Filipino food gets designer presentations

Thursday, November 30th, 2006

Rekados filipino cuisine: Vancouver gets its first come-hither Filipino restaurant for the budget-minded in clean, modern surroundings

Mia Stainsby

Chef Charlie Dizon, wife Pinky and brother-in-law Larry Elima, all owners of Rekados (meaning ingredients) Filipino Cuisine, show off crispy Pata, sugpong sinigang sa miso and special cocktails sebu afterglow and boracay blue. Photograph by : Peter Battistoni

There’s nothing shy about Filipino food. It stamps its feet for attention. It can be a melody of sweet, sour, salty and spicy flavours but it can also, without a knowing hand, be muddled and off-kilter.

In terms of making a mark in this restaurant city Filipino cuisine has just been but a blip on the radar. Rekados is the first come-hither Filipino restaurant, a place where owners, Charlie and Pinky Dizon and Larry Elima, created a budget-minded but clean, modern space for physical appeal.

“It’s been my dream to introduce the Filipino culture and food to Vancouver when I moved here. Our Filipino guests are telling us this is finally a place they can be proud of,” says Elima. “They invited their non-Filipino friends. It’s heartwarming. People are asking about our culture. I’ve been working so many years in this industry and I’ve never been able to say to my friends, let’s go for Filipino food.” And this is something I didn’t know — the Filipino community, he says, is the third largest minority group in Vancouver.

The staff are as friendly as can be; if you tell Larry, who works in the front that you liked your meal, he lights up, barely able to contain his excitement.

I ask a female server what she’d recommend. “It depends on what you are craving today,” she replies, and proceeds to describe some of the dishes.

In the kitchen, chef Charlie Dizon translates Filipino cuisine into designer presentations. It helps that he worked in a high-end French restaurant in Manila. He moved to Vancouver 10 years ago and has previously worked at Monk McQueen’s and Wild Rice as well as the Arbutus Club.

The cuisine reveals the country’s history of trade with China and colonization by the Spanish. Adobo, a very common dish is made with pork and/or chicken, braised in a sauce of soy, garlic, vinegar and peppercorns and sometimes, coconut milk. Here, the kitchen grills the pork and chicken separately, and presents the dish on a long and narrow plate.

Dizon’s tokwa ‘t tokwa (deep-fried tofu) is a delicious treatment of this bland food. It’s shock-fried in hot oil and served quite elegantly with a bright soy-chili sauce.

I tried a very nice curry with tiger prawns and a coconut milk-based sauce. Grilled eggplant was served on a narrow plate with shrimp paste sauce, tomatoes and onions. Bihon, thin rice noodles with veggies, shrimp and Chinese chorizo received gentle treatment with no sign of clumpage. Another noodle dish palabok with “luglog” noodles, shrimp, pork, egg and cracklings was not as refined. A half roasted chicken with lemongrass marinade (it comes whole as well), coupled with another dish would be more than you’d need for a meal.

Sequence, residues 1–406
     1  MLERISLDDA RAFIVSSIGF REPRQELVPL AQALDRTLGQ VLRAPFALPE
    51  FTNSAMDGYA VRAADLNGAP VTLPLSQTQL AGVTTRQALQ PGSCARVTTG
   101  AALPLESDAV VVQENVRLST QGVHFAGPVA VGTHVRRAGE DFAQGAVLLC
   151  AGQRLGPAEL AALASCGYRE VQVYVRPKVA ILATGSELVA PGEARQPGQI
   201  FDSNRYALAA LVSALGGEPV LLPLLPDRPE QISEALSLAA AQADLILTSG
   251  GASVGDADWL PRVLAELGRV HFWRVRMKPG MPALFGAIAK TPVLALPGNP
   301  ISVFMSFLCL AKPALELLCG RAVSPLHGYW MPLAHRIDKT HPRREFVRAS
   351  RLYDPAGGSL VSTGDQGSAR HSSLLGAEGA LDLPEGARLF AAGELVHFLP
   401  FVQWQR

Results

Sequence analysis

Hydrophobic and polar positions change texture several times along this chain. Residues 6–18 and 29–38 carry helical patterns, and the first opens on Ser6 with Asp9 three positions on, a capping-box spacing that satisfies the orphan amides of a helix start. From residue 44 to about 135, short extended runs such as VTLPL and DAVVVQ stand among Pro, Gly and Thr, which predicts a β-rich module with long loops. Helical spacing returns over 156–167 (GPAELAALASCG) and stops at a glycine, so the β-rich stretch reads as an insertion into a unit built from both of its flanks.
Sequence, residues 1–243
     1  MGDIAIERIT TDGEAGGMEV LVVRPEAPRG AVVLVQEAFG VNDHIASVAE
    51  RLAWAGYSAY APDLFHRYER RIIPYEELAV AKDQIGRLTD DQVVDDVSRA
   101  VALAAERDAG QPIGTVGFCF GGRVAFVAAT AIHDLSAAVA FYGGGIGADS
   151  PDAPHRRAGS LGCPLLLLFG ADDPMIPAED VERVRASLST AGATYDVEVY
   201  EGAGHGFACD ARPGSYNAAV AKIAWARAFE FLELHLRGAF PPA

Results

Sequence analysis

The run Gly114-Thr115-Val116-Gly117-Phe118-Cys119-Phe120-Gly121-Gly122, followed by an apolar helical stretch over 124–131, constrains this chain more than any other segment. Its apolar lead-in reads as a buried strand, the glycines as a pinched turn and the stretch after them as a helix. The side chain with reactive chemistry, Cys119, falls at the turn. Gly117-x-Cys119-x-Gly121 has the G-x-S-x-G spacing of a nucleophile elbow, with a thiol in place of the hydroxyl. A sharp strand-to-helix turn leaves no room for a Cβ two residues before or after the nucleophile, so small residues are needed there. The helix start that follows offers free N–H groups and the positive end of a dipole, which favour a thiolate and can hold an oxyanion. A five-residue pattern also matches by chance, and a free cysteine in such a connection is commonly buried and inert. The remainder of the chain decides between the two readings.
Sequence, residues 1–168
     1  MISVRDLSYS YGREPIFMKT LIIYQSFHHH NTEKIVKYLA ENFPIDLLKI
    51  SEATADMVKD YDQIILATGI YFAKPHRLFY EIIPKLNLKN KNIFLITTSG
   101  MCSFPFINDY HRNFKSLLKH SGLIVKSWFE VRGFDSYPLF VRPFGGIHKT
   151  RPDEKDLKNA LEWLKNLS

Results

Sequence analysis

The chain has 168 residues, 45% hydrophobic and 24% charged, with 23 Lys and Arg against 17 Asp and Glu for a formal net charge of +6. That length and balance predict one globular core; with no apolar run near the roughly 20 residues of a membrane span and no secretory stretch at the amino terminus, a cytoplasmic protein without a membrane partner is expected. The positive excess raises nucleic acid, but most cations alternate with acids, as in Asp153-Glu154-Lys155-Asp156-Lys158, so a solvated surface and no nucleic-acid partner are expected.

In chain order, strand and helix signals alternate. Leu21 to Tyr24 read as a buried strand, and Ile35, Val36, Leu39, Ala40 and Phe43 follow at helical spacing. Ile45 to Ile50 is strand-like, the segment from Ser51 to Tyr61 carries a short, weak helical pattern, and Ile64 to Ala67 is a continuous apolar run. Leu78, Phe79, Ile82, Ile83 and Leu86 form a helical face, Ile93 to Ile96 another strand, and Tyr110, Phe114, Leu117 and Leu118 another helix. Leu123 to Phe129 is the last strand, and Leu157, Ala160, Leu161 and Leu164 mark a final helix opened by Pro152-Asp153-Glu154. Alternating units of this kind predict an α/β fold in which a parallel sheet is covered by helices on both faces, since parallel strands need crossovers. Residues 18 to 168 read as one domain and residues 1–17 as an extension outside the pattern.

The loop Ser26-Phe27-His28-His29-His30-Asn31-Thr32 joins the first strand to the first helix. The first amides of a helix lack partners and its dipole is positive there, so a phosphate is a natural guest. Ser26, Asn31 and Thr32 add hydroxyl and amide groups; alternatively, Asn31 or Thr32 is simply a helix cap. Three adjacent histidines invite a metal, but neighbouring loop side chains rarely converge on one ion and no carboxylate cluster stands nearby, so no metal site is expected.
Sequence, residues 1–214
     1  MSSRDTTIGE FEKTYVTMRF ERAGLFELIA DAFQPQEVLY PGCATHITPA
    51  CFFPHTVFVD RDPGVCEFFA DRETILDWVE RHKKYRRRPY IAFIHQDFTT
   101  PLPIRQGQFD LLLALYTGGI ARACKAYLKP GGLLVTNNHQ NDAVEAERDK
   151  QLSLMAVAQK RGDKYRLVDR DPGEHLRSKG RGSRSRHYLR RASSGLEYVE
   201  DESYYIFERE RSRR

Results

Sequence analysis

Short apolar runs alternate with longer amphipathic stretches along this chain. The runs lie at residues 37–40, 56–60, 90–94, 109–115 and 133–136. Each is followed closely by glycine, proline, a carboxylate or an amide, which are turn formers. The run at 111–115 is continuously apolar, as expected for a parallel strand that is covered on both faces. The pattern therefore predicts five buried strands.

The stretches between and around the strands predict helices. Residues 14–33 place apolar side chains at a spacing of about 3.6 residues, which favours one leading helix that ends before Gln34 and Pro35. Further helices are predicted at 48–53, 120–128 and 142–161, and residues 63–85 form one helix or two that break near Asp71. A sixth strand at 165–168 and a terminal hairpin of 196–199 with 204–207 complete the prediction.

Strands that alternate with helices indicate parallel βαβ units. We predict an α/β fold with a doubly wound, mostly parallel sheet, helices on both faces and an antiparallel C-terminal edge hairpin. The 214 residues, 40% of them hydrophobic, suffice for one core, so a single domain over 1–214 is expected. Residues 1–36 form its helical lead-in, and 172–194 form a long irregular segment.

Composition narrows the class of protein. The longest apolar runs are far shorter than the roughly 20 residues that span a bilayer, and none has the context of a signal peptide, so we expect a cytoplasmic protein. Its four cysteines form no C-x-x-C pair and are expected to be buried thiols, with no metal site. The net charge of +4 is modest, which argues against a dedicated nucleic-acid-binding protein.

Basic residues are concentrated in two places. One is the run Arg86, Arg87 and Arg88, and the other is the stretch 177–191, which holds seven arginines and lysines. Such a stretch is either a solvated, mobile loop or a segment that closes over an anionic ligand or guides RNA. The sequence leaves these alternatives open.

Prices are ridiculously easy to swallow. Appy size dishes are $2.75 (for steamed Chinese pork buns, which looked delicious), to $4.95 to $6.95 for the flashed-fried squid. Main dishes are $7.95 to $11.95. Actually, there’s a $29.95 banana leaf mixed grill with whole tilapia, barbecued chicken, beef shortribs and eggplant, served on a banana leaf.

The crispy pata (slow roasted pork hocks), Elima says, is a popular dish. “It’s slow roasted for four hours and quickly deep-fried at service. It’s crispy outside and inside, it’s so tender.”

And quelle surprise — desserts are worth a try too. The warm toffee cake with a banana springroll, butterscotch sauce and vanilla bean ice cream wouldn’t be out of place in a haute dining room and neither would the chocolate trio of flourless chocolate cake, ganache and “Antonio pueo” hot chocolate. There is a small selection of affordable wines, with an eye to working with complex flavours.

When I was leaving after one visit, Elima saw us off with most heartfelt of thank-yous. Hands waving, eyes bright and a smile writ large upon his face: “Thank you! Thank you! Come again!” he cried as we left.



4063 Main St., 604-873-3133. Open seven days a week, lunch and dinner.

Overall RATING 3 1/2

Food RATING 3 1/2

Ambience RATING 3

Service RATING 3 1/2

Price $/$$

Restaurant visits are conducted anonymously and interviews are done by phone. Restaurants are rated out of five stars.

© The Vancouver Sun 2006


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